J.R. Azizollahoff, article, “Oriental Rugs as Investment:
The Unknown Ideal”, December, 2010
There is a conspiracy
of silence in the media about carpets in general and rugs as
investment in particular. No one has yet been able to break through
the iron curtain of ignorance that surrounds the subject of oriental
is also no consensus in the carpet trade about whether rugs can be a
hedge against inflation, hold some value, or increase in value over
the incredible beauty of carpets, and the long time it takes to make
them, investment, art and antique, as well as decorating magazines
have almost no interest in them. It is as if the editors of these
journals are as ignorant of rugs as the lay public. This sad state of
carpet neglect is as unfathomable as it is absurd, and has not helped
the rug trade in this recession.
that margins have been reduced because of the recession, consumers
are able to buy rugs at mark ups that are lower than ever before.
This opens a greater possibility that rugs may become better
investments comparable to paintings, ceramics, coins, furniture, and
myriad art objects that have demanded more of the public’s
attention. For rugs to be good investments, they should be purchased
at about 25% above wholesale value up to a few thousand dollars and
at a 15% mark up for rugs whose wholesale value exceeds $5000. In
this recession, many rugs are now routinely sold for up to 20% below
normal wholesale, and retail has largely merged into wholesale in
many rug venues. Mom and Pop stores, while sometimes slightly less
reliable than larger retail stores, are more likely to sell at
investment level mark ups.
popularity of the internet has also mitigated toward lower mark ups
which might be a boon for the future perception of carpets as
possible investments. The internet has severely chastened brick and
mortar retail outlets, but demand should increase through word of
mouth, if rugs are sold more cheaply. The great popularity of coins
in the United States is largely the result of the small mark ups at
retail for these charming collectibles. Coins are a good, albeit
impossible, model for carpet retailers, but the benchmark or keystone
of 100 plus 10% profit over cost has got to go, if it has not already
been rendered obsolete in most stores by the recession. Regardless of
their degree of success, retailers should not charge the keystone
rate of 100 plus 10% for rugs at higher price points. The current rug
recession may be more the result of overcharging for carpets than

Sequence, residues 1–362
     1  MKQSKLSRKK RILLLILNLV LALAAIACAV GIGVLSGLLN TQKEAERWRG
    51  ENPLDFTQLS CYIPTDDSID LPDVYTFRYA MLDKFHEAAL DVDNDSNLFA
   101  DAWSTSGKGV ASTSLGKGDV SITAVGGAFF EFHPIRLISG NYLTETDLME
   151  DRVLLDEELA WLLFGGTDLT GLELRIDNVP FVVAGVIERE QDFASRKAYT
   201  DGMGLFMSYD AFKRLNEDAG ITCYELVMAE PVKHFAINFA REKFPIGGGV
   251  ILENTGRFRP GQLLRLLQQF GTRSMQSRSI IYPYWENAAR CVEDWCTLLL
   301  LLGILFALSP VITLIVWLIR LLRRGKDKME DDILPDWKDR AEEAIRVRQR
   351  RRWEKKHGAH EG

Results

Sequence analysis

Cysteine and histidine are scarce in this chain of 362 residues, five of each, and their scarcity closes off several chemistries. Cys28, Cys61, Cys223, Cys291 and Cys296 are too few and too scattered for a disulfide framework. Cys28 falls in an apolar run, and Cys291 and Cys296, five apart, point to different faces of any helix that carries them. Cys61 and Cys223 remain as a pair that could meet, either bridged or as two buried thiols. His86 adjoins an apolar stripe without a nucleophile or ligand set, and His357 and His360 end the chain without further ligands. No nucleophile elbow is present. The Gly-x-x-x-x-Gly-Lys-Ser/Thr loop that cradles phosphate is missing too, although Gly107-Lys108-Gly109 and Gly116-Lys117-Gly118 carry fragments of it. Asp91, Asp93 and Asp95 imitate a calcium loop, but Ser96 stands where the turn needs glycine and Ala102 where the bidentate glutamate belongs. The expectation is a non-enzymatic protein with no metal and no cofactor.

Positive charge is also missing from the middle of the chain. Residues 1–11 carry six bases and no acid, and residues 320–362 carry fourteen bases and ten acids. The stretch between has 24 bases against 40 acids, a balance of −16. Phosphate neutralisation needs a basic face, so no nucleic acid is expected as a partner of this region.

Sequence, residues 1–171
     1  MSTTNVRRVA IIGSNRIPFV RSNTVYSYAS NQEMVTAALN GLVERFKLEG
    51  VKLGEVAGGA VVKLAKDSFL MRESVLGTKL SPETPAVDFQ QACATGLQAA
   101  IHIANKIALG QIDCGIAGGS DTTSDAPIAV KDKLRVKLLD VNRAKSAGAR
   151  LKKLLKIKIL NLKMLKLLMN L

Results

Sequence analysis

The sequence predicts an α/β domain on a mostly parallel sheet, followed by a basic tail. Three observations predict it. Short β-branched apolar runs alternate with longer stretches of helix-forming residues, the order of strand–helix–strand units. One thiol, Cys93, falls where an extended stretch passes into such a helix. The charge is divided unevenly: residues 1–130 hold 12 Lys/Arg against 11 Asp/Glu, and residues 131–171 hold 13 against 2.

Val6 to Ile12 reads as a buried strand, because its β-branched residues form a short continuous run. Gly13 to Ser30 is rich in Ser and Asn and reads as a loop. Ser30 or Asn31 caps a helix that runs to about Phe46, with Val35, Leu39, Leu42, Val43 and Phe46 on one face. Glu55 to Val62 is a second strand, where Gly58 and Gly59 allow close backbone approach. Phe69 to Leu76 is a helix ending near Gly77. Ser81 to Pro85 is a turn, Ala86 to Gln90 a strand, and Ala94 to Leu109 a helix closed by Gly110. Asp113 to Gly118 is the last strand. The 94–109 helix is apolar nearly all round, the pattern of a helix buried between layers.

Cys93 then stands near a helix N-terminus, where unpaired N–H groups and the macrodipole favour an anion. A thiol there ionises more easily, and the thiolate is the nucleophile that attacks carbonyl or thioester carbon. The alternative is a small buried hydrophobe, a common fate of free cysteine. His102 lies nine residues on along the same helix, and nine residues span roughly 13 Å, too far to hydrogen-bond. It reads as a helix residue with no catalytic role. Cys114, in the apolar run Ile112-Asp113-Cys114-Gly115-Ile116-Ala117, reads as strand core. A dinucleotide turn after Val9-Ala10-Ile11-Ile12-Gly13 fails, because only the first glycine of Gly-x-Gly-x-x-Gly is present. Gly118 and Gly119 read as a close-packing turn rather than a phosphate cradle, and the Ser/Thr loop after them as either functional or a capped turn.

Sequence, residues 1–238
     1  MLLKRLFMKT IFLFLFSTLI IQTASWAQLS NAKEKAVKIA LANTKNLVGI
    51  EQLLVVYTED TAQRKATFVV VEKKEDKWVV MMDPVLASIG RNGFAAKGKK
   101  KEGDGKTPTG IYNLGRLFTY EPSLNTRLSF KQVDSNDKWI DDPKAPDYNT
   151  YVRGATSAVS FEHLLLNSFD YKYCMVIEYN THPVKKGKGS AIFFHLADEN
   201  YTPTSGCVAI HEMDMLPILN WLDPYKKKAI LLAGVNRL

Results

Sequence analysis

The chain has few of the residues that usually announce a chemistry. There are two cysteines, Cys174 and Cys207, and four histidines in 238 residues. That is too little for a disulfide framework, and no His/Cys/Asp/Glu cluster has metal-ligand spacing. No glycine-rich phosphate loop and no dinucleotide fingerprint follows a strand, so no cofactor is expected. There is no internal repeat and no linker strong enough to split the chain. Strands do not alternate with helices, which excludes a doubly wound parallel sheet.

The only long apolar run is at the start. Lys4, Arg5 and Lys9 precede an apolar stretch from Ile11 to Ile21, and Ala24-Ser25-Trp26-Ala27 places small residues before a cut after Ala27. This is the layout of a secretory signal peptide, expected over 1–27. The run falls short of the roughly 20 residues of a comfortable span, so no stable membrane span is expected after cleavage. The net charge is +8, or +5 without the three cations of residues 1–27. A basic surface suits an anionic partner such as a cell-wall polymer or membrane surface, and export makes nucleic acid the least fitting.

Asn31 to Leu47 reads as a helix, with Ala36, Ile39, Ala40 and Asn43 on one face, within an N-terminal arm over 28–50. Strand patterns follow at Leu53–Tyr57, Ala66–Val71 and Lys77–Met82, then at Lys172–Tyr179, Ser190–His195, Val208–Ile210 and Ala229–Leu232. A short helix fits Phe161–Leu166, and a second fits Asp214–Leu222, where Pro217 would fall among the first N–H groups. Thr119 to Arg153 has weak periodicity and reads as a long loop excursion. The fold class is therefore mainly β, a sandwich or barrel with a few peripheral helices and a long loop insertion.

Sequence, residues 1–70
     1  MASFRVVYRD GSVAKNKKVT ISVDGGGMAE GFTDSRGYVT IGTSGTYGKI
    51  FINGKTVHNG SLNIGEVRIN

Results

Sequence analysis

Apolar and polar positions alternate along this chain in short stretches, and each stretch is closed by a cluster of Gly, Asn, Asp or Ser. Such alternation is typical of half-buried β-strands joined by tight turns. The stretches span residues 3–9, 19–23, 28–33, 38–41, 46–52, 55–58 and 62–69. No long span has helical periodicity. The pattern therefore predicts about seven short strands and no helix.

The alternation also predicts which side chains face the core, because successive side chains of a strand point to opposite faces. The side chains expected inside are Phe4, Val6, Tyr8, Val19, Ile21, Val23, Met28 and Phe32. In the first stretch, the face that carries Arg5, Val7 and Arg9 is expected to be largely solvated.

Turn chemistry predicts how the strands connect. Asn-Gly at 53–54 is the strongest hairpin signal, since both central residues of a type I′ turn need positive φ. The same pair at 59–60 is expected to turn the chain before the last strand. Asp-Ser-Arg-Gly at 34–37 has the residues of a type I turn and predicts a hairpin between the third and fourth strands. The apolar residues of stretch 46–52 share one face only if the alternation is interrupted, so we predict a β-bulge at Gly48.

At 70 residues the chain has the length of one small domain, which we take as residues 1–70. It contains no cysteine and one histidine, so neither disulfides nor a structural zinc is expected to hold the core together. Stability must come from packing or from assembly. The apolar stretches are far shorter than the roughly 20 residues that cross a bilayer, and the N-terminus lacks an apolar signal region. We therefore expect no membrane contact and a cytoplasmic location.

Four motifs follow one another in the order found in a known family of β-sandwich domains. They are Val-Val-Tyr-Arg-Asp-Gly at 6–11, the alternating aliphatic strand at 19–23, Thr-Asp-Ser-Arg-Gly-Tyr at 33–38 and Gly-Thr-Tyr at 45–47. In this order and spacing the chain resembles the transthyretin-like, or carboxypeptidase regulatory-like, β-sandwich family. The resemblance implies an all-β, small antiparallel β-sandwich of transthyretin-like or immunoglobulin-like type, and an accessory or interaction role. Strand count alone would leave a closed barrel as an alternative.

underperformance of stock portfolios.
is collectible if it is not bought right. Successful collectors
cherry pick, or get selection on better rugs, without premiums, that
are prorated with mediocre carpets. This is the secret of buying
right. Even if the bottom line is unknown, haggling, even for small
discounts, is also essential.
have the beauty and rarity that surpasses most of our most cherished,
collectible crafts, as they take many months to make, in most cases.
Any rug that takes many months to weave is a rarity because of the
finite number of a particular type that is extant in the world, in
good condition, at any given point in time.
of intuition or common sense, the only way for the layperson to infer
approximate wholesale value is through comparison shopping. By
visiting several stores in search of the same or similar rug, the
bottom line may be discovered, if one is fairly sensitive, rational,
and intelligent. Check wool shedding by rubbing the surface of the
pile, and select a rug with soft, shiny wool and the highest knot
count per square inch one can afford. In order to maintain good
customer relations, most stores will allow returns or exchanges for
excess shedding within the first few months of use. If possible, one
should get the non-shed guarantee in writing, particularly when
buying from smaller rug or furniture retailers. Some shedding is
normal, but excuses should not be made by reputable retailers for
continuous shedding, which is a great inconvenience for consumers.
better the hand-knotted carpet, the better the materials and
workmanship, and the finer the weave. The public has opted for less
expensive rugs in this recession. While this is understandable, it is
risky, because the best quality rugs, with the highest number of
knots per square inch, are at price levels that are greater than most
will spend at this time. Durability is sacrificed because it is
unknown or unappreciated.
of rug aesthetics is durability. Consumers are not as interested in
durability today as they were many years ago, and this is unfortunate
since durability is one of the chief aspects of the mystique of the
oriental rug. What is more magical than walking on a rug for 100
years and still having an object of beauty and value underfoot? At a
good rug sale, a $3500 hand knotted 8x10 foot rug, with about 150
knots per inch, can be purchased for the floor, which may be passed
on to one’s children. It is not only in the beauty, but also in
the durability, that the workmanship, and ultimate power of the
oriental rug, is finally known to the consumer.
beautiful luster or color clarity of a good traditional floor rug
should last from generation to generation. This is yet another aspect
of the mystique of the carpet: eternal color brilliance or vibrancy
of jewel toned colors. The depth of colors that are maintained in